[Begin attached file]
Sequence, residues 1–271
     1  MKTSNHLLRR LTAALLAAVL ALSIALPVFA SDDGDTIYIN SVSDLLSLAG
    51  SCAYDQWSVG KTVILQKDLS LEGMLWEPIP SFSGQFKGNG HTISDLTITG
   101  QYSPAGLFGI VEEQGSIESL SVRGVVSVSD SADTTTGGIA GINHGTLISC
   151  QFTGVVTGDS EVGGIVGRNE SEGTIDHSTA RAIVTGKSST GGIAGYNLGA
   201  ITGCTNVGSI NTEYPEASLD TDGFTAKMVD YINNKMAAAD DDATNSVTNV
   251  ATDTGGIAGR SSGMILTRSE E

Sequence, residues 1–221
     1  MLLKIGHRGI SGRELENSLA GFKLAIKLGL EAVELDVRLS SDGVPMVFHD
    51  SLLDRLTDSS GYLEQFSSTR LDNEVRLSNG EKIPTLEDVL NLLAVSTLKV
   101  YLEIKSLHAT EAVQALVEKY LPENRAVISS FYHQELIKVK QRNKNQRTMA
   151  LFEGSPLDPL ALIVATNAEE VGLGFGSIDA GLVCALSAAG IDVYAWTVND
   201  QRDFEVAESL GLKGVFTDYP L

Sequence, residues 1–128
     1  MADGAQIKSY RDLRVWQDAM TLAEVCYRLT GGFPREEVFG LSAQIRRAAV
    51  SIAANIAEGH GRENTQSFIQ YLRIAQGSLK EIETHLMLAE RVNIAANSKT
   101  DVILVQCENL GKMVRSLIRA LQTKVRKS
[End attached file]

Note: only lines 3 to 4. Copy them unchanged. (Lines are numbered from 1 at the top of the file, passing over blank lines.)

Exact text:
    51  SCAYDQWSVG KTVILQKDLS LEGMLWEPIP SFSGQFKGNG HTISDLTITG
   101  QYSPAGLFGI VEEQGSIESL SVRGVVSVSD SADTTTGGIA GINHGTLISC